You might be wondering what Deer do when they decide they need to sleep somewhere. So in this article, we’re going to discuss where Deer Sleep and their sleeping habits
But first, here’s the quick answer to get you some quick information, then we’ll dive into some details…
Where Do Deer Sleep? Deers sleep in places they regard as safe, with good availability of food resources. The places deers sleep vary according to times of the day, seasons, hunting pressure and birth stages. However, all these places will essentially have an easy escape exits, a clear view of threats and camouflage.
It’s always perhaps a controversial discussion, when it comes to deer’s sleeping or if deer are actually asleep at all!
So let’s clear this point up first, deer can sleep with – or without – their eyes open. What’s interesting about their sleeping habits is their places of bedding.
Bedding is a behavioral activity where deer sleep as well as other activities such as relaxing, chewing and digesting food, grooming and even relaxing. A deer spends around 70 percent of their lifetime in their bedded area.
Of all the conditions, seasons and other environmental factors that deers consider when choosing a location to sleep, they look for three essential things in any place they sleep, which are:-
- Coverage (camouflage)
- Clear area (of possible threats)
- Easy entrances and exits.
Deer safe sleeping area
Generally, deer sleep in places where they feel safe and secure. As well as locations that allow the deer to take advantage of thermals, winds, rain, sunlight, and water are the ideal places for deers to bed.
They also tend to bed in and sleep around or closer to places where they can easily find food and water resources.
Deer might sleep alone or in groups, they’re also creatures of habit. This is because when they find an ideal place to sleep, they tend to bed and sleep in the same place repeatedly for a period of time.
With that background set up, let’s move on to understanding where deer sleep depending on factors like times of the day, stage of birth, hunting pressure and seasons throughout the year.
Deer must be doing something right regarding their safety, around 100 years ago there were fewer than one million deer in North America. Today there are over thirty million!
Time of day can change where Deer Sleep
Deer mostly sleep during the daylight hours. That also means they’re more active during the night or as “Nocturnal” creatures.
During the day deer can be found sleeping in fields, or areas containing bushes and foliage of around 5 feet tall or more where they are rarely visible.
Thick areas that would make a good bed of weed and grass are also an ideal place where deers sleep during the day.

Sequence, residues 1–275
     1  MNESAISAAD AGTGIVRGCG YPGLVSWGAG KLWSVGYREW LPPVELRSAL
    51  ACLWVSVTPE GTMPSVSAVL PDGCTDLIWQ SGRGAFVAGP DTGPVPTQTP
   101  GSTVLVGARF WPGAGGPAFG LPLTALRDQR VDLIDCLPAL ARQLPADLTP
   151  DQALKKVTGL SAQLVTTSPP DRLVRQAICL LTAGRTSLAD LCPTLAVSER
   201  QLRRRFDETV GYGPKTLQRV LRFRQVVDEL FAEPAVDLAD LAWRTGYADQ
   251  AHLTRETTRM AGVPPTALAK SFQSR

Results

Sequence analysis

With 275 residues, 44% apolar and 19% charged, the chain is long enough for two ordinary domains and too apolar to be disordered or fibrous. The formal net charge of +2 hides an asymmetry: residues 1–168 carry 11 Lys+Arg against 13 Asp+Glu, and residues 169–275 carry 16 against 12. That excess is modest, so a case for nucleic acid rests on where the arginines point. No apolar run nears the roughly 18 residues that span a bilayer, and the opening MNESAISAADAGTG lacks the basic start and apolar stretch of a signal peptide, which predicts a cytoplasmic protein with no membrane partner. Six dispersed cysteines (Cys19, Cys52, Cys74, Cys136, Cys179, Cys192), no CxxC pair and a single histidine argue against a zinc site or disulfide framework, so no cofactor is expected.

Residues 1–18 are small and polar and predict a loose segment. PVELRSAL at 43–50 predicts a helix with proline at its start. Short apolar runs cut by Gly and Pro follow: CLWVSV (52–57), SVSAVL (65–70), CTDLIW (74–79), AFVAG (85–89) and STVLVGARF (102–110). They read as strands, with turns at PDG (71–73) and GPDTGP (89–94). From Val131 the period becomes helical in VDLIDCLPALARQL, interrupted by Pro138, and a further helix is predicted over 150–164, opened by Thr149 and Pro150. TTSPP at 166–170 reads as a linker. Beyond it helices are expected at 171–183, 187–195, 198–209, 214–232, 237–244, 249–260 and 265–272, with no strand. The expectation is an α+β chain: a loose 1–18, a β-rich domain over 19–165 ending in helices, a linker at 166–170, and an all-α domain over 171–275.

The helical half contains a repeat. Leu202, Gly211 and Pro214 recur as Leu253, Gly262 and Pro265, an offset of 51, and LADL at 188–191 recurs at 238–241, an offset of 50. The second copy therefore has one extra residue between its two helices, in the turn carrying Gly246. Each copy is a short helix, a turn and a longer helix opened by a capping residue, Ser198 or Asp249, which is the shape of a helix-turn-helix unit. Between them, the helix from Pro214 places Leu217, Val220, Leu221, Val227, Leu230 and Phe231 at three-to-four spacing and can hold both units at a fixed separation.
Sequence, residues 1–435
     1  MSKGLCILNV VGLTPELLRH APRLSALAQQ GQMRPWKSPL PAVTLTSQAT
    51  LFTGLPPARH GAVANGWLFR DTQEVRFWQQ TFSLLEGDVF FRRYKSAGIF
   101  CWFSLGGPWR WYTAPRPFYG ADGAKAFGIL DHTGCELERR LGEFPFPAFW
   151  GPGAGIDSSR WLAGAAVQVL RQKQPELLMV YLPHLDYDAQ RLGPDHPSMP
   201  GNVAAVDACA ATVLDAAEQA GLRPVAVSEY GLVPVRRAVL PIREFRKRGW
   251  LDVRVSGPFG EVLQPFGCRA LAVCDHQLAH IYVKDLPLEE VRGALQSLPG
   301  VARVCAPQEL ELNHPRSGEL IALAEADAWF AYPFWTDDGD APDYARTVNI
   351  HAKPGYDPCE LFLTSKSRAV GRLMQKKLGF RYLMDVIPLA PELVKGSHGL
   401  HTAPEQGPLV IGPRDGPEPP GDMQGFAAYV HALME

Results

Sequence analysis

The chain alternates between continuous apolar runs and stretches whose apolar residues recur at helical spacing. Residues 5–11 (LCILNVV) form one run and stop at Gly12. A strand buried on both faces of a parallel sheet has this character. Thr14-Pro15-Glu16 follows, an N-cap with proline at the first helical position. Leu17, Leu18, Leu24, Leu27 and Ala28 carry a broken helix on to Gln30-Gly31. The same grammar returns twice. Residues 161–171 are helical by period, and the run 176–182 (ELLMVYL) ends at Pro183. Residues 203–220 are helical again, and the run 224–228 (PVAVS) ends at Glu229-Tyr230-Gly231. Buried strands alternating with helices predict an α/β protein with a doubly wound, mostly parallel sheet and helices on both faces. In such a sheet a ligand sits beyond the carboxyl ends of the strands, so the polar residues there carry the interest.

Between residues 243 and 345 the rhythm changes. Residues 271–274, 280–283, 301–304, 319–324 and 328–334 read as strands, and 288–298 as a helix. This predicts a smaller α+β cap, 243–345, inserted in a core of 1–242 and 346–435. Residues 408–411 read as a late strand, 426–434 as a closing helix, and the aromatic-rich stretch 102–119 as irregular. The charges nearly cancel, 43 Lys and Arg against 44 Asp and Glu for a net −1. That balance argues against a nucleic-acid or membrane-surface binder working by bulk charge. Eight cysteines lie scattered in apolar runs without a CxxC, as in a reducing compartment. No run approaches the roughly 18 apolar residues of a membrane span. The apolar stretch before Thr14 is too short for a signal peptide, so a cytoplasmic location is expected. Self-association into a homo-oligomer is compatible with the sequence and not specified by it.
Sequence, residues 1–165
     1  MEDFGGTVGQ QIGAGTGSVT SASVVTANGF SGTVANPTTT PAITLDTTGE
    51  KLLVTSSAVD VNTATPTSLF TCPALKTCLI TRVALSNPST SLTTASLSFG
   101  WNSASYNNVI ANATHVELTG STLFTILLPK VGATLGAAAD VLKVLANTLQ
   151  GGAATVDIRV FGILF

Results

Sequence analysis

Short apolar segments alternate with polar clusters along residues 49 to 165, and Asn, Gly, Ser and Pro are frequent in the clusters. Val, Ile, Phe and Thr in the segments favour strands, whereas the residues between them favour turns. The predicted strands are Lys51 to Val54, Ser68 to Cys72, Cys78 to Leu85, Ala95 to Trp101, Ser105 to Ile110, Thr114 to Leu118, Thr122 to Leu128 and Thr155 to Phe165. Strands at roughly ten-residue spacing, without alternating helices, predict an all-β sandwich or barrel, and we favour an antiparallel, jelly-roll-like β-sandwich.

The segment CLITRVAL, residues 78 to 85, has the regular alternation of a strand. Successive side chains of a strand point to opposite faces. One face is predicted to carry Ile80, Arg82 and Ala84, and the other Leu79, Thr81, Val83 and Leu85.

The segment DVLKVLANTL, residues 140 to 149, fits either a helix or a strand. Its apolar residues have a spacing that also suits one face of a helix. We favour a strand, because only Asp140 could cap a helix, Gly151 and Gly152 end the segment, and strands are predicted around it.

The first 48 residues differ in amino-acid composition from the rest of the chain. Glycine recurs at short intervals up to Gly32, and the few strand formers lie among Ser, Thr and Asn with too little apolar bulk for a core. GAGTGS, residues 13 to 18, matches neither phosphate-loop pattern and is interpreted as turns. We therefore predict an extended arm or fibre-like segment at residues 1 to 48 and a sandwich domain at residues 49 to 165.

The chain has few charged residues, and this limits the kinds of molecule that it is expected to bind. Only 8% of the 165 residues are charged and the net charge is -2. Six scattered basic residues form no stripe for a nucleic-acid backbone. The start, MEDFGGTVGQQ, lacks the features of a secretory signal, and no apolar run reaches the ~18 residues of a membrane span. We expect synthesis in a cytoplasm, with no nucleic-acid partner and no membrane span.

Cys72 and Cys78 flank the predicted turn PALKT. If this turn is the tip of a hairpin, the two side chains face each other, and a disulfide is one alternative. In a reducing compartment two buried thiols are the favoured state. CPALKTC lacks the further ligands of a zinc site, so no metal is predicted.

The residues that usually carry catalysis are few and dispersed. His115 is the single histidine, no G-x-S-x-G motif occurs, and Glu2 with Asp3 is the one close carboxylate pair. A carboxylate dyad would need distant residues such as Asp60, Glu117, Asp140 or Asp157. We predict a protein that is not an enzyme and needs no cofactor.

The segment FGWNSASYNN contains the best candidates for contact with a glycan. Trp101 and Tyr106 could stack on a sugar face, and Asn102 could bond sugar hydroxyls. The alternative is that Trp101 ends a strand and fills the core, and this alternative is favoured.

They also prefer to sleep in woods at least 20 feet into the dense foliage and other deeper places. They mainly choose the places during the day to hide from the sight of predators and human hunters.
Deer may sometime sleep in the open during daylight in places like ridge top or points. But open spaces are chosen only if they have good visibility in all (or most) directions.
They do not have good eyesight, except good eyesight at night, merely making out the definition in shapes and general movement. But they have better senses of smell and hearing, so they focus on long-distance views and downwind odors to predict the threats that come their way.
This is because when sleeping, a deer still relies on its sense of smell, and hearing to warn of any potential threats.
When the night falls, deers seek dark places to sleep. Deers don’t sleep much during the night and so their ultimate purpose at night is self-preservation.
Even when they sleep at night, they sleep in such a way that helps them conserve energy. At night they typically use darkness, and silence, as a shield against predators.
At night they also sleep in hidden places. Some deer at night also find a suitable place around tall bushes and scrape the ground to make a comfortable bed for them to sleep or rest during the night.
And they repeatedly come to the same place each night to rest or other deer use them at night for resting for up to a couple of hours.
Deer sleep position
Deer sleep mainly with their heads often moving occasionally to a variety of positions. Their eyes can be either open or closed but they can still doze.
Much like cats, deer can lay with their legs and arms tucked in and under, or on their side with legs curled – similar to how cats curl up – this is especially true of fawns